I typically travel to the same places these days for work however; occasionally there is a new city to explore. I have an evolving system of getting a feel for a place before arriving through pre-trip research.
These days it involves a series of websites saved as favourites and a couple of other routines:
* Develop a currency conversion system - normally for a few different scales - 1, 10, 100, and 1000. You can write this on a piece of paper and keep it on you but it does not take muck to memorise Currency converter
* Reading other travels experiences from real travellers rather than picture perfect travel books. All too often, you hear the answer to "how was it" as "not what the travel brochure...
All good tips:) My routine is similar to yours, so nothing much to add. I might note that on meeting locals, my habit is to talk to everyone. The shop keepers, the servers and cashiers at restaurants, people I am standing in line with. Even if I don't know the language, I have gotten use to communicating one way or another, with a big smile on my face. One of the best "tips" I ever got was from a local standing next to me on a ferry boat. We were admiring the view together and it turned out she was from the city I was visiting next.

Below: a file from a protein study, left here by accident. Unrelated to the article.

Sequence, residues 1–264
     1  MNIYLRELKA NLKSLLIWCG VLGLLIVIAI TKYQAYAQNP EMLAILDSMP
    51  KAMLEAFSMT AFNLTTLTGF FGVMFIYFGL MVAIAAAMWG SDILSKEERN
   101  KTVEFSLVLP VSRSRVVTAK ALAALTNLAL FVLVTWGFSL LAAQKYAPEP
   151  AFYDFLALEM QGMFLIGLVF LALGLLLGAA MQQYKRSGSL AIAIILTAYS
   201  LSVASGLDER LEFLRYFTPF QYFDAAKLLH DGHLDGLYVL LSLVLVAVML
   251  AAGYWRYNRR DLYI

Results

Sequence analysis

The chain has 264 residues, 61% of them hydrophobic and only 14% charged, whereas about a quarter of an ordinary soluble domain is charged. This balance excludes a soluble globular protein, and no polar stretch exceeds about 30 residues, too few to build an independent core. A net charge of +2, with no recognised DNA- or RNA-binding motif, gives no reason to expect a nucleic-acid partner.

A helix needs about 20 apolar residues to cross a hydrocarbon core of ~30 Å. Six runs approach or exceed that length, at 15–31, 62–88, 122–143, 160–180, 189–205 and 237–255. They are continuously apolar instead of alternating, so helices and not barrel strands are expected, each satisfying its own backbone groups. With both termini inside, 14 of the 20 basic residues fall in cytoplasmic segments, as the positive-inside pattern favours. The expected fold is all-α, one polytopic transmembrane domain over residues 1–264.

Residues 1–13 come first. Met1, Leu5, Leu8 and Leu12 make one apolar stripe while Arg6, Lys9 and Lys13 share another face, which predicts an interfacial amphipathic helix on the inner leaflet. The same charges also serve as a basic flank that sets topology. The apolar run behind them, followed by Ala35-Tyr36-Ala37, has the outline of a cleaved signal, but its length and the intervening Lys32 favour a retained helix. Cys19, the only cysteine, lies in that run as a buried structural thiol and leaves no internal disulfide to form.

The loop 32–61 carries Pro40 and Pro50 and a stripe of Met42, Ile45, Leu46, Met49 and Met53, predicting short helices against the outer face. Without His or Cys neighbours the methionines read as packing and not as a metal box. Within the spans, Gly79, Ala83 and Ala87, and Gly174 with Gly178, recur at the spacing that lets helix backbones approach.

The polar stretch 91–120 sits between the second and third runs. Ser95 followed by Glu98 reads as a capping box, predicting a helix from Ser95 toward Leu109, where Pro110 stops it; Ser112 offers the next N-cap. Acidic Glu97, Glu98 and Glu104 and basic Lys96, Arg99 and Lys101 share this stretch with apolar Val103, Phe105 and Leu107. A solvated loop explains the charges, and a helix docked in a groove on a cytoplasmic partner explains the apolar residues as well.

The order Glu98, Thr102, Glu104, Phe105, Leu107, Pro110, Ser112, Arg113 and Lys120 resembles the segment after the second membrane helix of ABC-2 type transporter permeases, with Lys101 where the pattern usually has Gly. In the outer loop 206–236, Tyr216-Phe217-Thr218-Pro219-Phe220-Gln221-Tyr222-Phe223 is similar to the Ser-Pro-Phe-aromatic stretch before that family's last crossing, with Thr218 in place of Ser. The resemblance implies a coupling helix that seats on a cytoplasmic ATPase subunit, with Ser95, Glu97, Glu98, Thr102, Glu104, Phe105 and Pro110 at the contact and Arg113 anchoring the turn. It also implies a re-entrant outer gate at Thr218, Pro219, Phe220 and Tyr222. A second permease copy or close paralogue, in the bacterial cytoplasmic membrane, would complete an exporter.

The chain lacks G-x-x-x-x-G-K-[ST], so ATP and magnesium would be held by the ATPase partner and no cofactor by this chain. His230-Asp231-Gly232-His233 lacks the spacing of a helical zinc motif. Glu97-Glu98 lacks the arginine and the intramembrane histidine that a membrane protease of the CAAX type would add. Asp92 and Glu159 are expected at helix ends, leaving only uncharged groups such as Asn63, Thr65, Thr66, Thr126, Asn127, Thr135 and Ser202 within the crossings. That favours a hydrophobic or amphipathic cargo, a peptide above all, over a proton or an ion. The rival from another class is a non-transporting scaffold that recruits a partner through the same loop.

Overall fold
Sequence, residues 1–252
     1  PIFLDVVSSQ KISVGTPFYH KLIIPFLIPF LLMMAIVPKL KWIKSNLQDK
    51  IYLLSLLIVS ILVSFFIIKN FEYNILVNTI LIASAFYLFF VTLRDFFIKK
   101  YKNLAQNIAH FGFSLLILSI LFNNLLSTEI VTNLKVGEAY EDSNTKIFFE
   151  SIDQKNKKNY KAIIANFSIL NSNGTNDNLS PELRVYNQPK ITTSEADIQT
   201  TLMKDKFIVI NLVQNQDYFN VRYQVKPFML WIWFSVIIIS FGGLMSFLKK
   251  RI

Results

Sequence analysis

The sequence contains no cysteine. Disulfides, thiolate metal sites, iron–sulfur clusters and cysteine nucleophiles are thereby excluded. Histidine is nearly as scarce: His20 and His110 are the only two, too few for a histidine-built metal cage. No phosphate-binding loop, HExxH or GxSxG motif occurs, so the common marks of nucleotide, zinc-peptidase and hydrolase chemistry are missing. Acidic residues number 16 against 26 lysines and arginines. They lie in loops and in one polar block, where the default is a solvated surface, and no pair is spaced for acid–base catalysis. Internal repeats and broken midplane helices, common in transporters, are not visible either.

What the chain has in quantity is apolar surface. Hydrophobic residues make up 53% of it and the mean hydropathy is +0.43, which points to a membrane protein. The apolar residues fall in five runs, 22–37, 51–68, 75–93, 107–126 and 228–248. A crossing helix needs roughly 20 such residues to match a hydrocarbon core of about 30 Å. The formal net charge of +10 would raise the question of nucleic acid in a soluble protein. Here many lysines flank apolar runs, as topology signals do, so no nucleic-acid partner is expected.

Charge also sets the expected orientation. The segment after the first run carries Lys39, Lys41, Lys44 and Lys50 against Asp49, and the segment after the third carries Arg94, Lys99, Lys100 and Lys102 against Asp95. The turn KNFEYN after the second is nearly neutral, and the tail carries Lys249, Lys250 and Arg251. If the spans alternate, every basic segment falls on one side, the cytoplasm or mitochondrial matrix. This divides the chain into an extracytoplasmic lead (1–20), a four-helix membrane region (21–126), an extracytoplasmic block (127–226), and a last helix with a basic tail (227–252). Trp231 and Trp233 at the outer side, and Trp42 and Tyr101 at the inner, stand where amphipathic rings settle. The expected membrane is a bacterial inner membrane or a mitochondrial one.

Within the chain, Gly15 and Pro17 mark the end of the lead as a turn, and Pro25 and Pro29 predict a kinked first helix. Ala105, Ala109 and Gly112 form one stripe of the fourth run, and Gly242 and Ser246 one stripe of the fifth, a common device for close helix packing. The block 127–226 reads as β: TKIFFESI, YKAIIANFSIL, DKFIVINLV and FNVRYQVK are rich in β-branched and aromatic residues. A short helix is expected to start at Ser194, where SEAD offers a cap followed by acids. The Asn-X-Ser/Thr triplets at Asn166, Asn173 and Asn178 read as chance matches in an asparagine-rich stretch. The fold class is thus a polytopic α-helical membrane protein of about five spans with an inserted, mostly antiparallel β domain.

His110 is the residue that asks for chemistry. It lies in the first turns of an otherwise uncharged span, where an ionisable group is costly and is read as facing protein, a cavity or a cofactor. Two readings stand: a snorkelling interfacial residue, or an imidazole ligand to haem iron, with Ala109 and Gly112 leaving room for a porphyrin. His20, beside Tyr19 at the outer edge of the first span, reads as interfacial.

Ever wanted to know more about what your CAMERA did to your photo? You know what YOU did but there was more? There is the basic metadata (EXIF-Exchangeable image file format, IPTC-International Press Telecommunications Council) exposed through tools like Lightroom but there is more that can be accessed.
There is a free tool written by Phil Harvey that extracts a lot more detail than you would otherwise see. I have played with this tool over the past few years and it has kept up with new camera versions and been well supported. I wrote a tool once which imported my whole collection into a database to see what lens I should buy next based on how I shoot with what I have - fun geekish approach!
Hi Gavril Circle of Confusion is a really useful for working out what F to use. Have a look at the website CoC. Once you know what this is for your camera you can create a depth of field calculator - have a look at this website DOF calculator
That's a lot of information, really impressive, I wonder what the "Circle Of Confusion" means.
You can view some of these in Photoshop itself, and even add keywords and other user data.
This article has been read 1246 times. 4 readers have found this article useful.